vacuum. Finally, using either a highly volatile solvent [175] or a swelling agent [176] or
injecting tiny droplets of water under a very humid environment [177] within the
polymer solution followed by drying the electrospun nanofibres has also led to porous
structures. Figure 1.14, shows some examples of porous nanofibres formed by different
methods (referred to their references) which are adapted from the open literature.

Figure 1.14, (Left to right) SEM images of porous Titania nanofibres fabricated by
calcining fibres electrospun from PS in DMF/THF in the core with a titanium/PVP in
the outer shell [151], electrospun nanofibre of a PLA/PVP blend after the selective
extraction of PVP [115], porous nylon 6 nanofibres after removing the salt from the
nylon 6/ GaCl3 [173].
32

In summary, porous nanofibres enlarge of the inner surface and thus the average surface
area for the fibre matrix. For instance, Khan et. al. found that the BET surface area of
the electrospun nanofibres is 1.8 m2/g, whereas the BET surface area for the same
nanofibres but porous is 12 m2/g, reflecting an increase of a factor of 6 [173]. Moreover,
their structure feature possesses the functionality to make porous nanofibres an
important candidate for tissue engineering, catalysis and drug delivery and release
applications.

1.5.7 Helical nanofibre assemblies


With the development of numerous novel electrospinning setups, great success has been
achieved in controlling the fluffy texture of the nanofibres. Recently, architectural
nanofibres including sinuous and zigzag folding, helical coiling and meandering,
nanospring, coiled and surprising shish-kebab structures have been fabricated. In order
to produce nanofibres with controlled configurations, electrospinning modification or
polymer crystallization synthesis must be applied.
It has been demonstrated that the helical structures of nanofibres can be formed when
the jets hit the collector surface during electrospinning [178]. Hence, when the jets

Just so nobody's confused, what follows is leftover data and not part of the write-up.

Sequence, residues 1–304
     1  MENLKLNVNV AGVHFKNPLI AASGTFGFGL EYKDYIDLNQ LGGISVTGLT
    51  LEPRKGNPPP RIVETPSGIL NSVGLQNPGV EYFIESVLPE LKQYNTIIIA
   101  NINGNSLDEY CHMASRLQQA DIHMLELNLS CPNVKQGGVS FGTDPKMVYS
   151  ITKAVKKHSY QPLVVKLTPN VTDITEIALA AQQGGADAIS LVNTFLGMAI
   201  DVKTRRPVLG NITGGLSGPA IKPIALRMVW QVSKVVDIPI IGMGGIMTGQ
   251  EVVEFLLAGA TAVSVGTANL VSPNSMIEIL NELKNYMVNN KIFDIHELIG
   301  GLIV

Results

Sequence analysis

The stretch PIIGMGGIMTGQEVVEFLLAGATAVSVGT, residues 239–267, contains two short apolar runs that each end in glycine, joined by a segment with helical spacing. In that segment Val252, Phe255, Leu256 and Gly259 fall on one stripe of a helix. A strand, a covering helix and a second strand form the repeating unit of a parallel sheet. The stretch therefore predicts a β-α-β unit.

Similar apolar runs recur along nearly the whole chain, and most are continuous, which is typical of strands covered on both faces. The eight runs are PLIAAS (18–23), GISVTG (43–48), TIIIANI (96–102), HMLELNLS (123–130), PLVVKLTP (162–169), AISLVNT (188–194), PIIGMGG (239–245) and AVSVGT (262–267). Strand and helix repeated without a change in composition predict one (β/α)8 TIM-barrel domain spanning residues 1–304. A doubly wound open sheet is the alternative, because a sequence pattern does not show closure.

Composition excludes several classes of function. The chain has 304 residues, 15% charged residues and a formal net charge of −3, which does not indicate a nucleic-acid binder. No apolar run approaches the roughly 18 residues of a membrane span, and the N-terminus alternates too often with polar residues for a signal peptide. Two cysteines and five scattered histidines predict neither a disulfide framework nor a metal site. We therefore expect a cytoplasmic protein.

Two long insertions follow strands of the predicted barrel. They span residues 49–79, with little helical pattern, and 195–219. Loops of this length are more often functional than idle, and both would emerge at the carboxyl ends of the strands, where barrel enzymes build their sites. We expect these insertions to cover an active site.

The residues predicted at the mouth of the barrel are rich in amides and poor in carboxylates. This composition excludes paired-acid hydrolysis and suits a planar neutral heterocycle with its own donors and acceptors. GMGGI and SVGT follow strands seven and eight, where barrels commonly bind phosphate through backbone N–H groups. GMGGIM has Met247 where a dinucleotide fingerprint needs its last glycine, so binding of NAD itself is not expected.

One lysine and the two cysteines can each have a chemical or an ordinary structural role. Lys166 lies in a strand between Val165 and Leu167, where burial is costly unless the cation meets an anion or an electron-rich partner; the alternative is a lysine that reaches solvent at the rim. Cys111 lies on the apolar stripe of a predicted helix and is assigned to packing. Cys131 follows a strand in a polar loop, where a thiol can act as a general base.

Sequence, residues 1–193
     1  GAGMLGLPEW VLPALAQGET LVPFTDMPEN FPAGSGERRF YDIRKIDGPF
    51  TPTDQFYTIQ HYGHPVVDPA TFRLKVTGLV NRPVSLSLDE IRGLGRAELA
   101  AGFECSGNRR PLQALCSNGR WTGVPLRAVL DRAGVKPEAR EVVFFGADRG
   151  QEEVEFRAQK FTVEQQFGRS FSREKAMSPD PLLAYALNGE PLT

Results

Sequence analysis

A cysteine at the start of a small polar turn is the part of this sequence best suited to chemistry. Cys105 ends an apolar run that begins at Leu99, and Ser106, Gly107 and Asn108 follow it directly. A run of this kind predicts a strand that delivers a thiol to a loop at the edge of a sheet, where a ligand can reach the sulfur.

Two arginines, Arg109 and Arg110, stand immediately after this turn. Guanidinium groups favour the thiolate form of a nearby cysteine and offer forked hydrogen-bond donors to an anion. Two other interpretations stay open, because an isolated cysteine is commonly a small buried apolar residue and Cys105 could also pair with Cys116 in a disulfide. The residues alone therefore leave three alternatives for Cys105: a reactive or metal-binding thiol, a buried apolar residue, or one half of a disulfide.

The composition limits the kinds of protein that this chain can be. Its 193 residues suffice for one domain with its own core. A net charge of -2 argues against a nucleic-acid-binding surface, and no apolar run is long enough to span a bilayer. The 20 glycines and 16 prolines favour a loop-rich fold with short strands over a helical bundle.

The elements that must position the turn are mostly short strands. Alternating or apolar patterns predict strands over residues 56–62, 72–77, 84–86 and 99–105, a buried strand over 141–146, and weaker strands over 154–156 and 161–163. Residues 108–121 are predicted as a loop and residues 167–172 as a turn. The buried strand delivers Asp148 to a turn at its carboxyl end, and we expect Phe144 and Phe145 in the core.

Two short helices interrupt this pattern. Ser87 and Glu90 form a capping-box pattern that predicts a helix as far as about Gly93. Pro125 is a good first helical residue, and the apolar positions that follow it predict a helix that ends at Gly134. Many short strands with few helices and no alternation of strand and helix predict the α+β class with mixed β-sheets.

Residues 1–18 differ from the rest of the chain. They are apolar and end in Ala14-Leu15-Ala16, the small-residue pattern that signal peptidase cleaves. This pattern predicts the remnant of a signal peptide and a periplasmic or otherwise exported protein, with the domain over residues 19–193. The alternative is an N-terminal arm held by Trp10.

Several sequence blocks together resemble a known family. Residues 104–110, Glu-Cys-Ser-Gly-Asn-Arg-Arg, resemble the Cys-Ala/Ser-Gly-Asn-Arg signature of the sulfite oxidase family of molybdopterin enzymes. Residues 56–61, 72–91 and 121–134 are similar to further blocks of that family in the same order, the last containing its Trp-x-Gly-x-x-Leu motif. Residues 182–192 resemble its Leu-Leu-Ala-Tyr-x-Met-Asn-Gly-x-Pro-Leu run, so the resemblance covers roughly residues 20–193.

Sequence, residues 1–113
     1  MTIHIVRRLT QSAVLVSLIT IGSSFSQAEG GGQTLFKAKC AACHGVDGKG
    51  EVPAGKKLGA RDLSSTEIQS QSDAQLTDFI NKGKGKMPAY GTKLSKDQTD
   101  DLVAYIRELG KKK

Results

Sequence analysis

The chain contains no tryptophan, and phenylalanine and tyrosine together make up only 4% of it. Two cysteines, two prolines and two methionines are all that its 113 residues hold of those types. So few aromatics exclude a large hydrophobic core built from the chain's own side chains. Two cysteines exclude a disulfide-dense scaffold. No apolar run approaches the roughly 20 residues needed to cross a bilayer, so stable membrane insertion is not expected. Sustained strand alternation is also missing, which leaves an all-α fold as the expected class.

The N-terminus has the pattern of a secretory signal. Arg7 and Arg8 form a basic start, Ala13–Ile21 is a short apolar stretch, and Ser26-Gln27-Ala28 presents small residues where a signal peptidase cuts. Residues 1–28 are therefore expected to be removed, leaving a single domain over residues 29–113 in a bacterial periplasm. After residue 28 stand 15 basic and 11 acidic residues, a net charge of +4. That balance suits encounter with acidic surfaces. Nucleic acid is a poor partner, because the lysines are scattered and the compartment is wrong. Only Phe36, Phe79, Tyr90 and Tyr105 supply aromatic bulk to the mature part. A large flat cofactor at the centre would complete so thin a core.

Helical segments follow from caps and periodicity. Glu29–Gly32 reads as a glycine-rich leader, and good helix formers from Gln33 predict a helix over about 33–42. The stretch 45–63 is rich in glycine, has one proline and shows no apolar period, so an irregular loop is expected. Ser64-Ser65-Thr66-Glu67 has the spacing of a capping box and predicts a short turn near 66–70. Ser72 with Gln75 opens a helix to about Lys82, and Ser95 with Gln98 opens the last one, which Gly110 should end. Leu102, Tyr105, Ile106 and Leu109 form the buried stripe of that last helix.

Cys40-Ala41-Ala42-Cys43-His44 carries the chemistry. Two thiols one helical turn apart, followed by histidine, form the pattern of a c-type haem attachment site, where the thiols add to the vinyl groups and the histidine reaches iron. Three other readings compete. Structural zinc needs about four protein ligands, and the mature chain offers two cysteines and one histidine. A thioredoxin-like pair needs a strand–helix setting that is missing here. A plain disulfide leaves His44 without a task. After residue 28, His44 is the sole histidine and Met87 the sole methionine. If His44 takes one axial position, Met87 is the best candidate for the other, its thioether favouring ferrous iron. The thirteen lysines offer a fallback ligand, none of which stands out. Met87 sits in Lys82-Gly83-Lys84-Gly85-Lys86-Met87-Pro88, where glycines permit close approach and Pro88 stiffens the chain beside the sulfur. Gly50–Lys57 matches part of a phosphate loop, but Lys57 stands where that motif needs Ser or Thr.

impinged on the collector surface; the jets are under longitudinal compressive forces
and thus the nanofibres recoil buckling instability. Based on this concept, and to
elucidate this helical transformation mechanism; Reneker et. al. established an
electrospinning set-up with a varied spinneret to collector distance of 1.5 cm to 5 cm, as
shown in figure 1.15 (left) [179]. They have reported that the buckling frequency and
wavelength, packing density dense or loose and coils characteristic vary with this
distance. In addition, they have observed that highly conductive, charged and viscous
jets produced highly tightly looped buckling patterns.
Kim et. al. and another research group have introduced splitting the electric field in
electrospinning as a method for helical structures formation [180, 181]. Particularly, by
introducing unique set-ups consisting of parallel electrodes or one electrode and tilted
glass slide as shown in figure 1.15 (middle and right), the nanofibre morphology
changed into aligned helical coiling structures. They have also found that the coiling
patterns were dependant on the jet viscosity and the geometric configuration of the
collector electrodes.
Other research groups have produced helical nanofibre structures by electrospinning
two components polymer solution, one conducting polymer (e.g. polyaniline sulfonic
acid PASA) and one nonconducting polymer (e.g. PEO) from either single spinneret

33

[182, 183] or side by side bicomponent spinneret [161] on a conducting collector. It has
been suggested that the viscoelastic shrinkage and the charge neutralization on the
conductive phase were responsible for the formation of the helical structures.